Cosmic dust produces data

Weekly column from Ken Tapping at the Herzberg Institute (DRAO)


These days we are fairly used to hearing about new telescopes and instruments that are, or are about to revolutionize astronomy. We are actually building some of those things ourselves. However, there is another revolution happening that is producing a dramatic change in our ability to do science. This is driven by the tools we now have to obtain, transport and process data. We can obtain data from sources all over the world, compare it with data from our own experiments and combine these diverse data to make nice images and plots for conferences and publications without leaving our desks. These days itís easy to forget the situation scientists worked with not that long ago.

A couple of years ago we collaborated with a local museum to show astronomers’desks through history. One of them showed what Galileo’s desk might have looked like. However, one particularly interesting one was the desk of a radio astronomer in the 1950’s. This was a time of dramatic progress in radio astronomy.

Of course there was no computer or computer terminal. On the desk there was a notebook, in which the astronomer wrote down the information he or she was extracting from the data. The output from the radio telescope was a wavering inky line running along a paper strip chart, output from a chart recorder. These devices hold paper that rolls out at a precise rate. A needle moves across the width of the chart by an amount depending upon the strength of signal received by the radio telescope. A pen is attached to that needle, so that looking along the chart shows how this signal has changed with time. Using tools such as a ruler or planimeter, the astronomer took key measurements from the chart and wrote them in the notebook. An occupational hazard of using these chart recorders was smothering oneself with the almost indelible ink. This was known as “Chart Recorder Disease”.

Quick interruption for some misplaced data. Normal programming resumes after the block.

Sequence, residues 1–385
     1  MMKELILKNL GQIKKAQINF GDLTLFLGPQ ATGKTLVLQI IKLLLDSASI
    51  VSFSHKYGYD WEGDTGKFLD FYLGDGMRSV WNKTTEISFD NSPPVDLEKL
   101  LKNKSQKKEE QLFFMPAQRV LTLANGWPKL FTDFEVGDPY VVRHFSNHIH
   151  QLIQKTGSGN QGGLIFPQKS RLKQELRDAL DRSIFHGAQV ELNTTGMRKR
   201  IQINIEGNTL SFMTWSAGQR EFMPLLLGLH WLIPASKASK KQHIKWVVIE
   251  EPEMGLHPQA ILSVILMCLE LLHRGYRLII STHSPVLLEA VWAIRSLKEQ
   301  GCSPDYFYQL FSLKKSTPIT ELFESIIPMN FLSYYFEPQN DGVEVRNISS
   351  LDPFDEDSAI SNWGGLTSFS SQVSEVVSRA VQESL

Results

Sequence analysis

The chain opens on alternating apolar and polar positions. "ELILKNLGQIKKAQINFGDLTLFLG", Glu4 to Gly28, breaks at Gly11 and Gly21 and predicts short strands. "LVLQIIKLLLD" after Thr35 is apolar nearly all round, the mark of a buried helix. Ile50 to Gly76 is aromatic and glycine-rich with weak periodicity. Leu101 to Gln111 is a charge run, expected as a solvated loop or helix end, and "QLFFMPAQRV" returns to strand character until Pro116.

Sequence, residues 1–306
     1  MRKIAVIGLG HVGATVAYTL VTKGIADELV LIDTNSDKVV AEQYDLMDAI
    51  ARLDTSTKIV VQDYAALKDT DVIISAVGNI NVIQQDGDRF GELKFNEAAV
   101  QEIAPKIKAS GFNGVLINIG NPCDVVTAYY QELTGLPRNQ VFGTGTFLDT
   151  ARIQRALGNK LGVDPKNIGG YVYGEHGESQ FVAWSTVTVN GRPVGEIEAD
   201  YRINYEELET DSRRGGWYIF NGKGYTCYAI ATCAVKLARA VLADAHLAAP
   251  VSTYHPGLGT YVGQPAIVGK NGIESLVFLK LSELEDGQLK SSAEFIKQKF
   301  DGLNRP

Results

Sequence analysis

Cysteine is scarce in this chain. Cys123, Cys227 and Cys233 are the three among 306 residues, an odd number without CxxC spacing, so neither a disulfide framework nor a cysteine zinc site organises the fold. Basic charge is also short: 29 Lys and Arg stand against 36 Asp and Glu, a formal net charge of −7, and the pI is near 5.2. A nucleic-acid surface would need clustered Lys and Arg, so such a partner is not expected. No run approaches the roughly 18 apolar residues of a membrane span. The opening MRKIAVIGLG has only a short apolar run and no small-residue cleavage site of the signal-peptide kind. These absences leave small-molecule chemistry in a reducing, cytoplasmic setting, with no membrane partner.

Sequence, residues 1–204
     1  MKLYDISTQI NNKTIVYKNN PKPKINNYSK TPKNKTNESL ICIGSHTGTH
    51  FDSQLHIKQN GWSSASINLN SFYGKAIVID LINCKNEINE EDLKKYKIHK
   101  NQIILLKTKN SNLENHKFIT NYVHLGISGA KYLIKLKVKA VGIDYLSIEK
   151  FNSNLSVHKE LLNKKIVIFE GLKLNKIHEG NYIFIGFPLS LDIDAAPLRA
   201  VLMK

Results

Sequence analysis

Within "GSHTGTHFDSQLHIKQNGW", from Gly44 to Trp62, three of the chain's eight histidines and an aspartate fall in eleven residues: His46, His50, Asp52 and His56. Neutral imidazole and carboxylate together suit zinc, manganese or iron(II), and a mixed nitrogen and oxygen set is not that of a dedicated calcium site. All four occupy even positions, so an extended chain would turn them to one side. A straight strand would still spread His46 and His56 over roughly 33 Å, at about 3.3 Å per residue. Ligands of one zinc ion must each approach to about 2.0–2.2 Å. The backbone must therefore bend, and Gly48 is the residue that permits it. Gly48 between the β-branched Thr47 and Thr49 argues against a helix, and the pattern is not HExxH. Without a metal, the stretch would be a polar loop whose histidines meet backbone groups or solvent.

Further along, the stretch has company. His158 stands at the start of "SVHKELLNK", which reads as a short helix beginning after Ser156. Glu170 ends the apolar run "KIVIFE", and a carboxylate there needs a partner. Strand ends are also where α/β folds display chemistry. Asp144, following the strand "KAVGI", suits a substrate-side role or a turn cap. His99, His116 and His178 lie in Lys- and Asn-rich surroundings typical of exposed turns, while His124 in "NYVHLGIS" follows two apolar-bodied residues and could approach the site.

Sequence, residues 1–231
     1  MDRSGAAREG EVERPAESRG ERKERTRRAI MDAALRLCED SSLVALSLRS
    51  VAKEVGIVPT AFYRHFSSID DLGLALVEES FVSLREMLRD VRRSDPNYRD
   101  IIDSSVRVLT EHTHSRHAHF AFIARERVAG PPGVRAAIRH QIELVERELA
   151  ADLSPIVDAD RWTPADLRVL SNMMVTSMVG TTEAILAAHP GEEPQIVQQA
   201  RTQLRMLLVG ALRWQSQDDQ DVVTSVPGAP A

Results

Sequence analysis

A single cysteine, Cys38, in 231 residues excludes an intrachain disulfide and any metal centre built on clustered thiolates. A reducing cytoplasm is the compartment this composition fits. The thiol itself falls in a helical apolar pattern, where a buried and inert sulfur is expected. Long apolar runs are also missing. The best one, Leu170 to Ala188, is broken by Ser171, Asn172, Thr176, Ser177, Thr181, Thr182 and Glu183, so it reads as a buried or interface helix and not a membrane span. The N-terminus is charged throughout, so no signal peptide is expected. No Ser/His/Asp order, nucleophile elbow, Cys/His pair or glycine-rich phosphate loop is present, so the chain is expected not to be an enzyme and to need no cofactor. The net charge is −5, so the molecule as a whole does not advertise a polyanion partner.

It was common practice to look at a photograph taken using a large optical telescope of the area of sky observed with the radio telescope, hopefully to identify the source of the radio emissions. This meant more careful measuring with rulers, to mark the position of the radio source on the picture. Once again, what ended up in the notebook was only a tiny part of the information buried in the photo.

These days, observational or other data, whether images, signal strength recordings or more abstruse information all comes tabulated in computer files. We even have standard formats so that we can use the same analysis tools on all of them. We can squeeze out more scientific juice from the data than ever before. Moreover, thanks to the Internet, we have access to far more data, and have a larger community with whom we can compare notes.

Moreover, because data handling is now so easy, it is more accessible. Whether you are a front-line scientist, an aspiring high school researcher, or just interested, you can access and analyze information in ways that would amaze scientists of only a few decades ago. Just fire up that search engine!

Mars and Saturn are low in the Southwest after dark. Saturn is close to the star Spica. Jupiter rises before midnight and Venus around 3a.m. The Moon will be new on the 15th.

Ken Tapping is an astronomer with the National Research Council’s Dominion Radio Astro-physical Observatory, Penticton.